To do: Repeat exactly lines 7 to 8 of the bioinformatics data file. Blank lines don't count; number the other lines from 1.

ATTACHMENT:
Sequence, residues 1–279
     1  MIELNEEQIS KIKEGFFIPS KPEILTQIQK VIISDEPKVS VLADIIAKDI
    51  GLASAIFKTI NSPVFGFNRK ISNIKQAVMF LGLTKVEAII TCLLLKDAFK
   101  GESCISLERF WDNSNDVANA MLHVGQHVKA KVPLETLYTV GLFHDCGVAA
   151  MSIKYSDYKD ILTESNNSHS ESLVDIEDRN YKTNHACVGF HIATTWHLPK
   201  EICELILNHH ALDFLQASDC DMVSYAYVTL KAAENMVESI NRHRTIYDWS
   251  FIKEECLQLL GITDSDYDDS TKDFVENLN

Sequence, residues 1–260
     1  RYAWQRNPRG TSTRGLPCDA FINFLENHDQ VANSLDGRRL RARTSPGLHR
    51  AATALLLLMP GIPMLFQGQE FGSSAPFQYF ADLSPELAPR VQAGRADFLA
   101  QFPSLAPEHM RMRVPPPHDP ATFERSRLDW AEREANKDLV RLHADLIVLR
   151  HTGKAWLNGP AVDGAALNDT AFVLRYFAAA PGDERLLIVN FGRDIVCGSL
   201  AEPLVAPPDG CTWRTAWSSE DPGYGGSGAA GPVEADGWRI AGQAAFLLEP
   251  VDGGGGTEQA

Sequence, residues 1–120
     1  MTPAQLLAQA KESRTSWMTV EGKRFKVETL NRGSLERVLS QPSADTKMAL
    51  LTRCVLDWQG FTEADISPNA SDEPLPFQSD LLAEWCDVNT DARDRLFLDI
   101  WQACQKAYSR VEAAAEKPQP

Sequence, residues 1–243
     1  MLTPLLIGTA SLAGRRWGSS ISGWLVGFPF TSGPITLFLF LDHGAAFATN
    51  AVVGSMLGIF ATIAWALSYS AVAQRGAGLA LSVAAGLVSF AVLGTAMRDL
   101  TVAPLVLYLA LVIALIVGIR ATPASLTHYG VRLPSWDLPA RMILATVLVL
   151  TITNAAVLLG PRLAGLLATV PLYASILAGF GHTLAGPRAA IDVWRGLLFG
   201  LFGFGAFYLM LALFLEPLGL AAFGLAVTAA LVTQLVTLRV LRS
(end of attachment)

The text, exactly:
   251  FIKEECLQLL GITDSDYDDS TKDFVENLN

Sequence, residues 1–260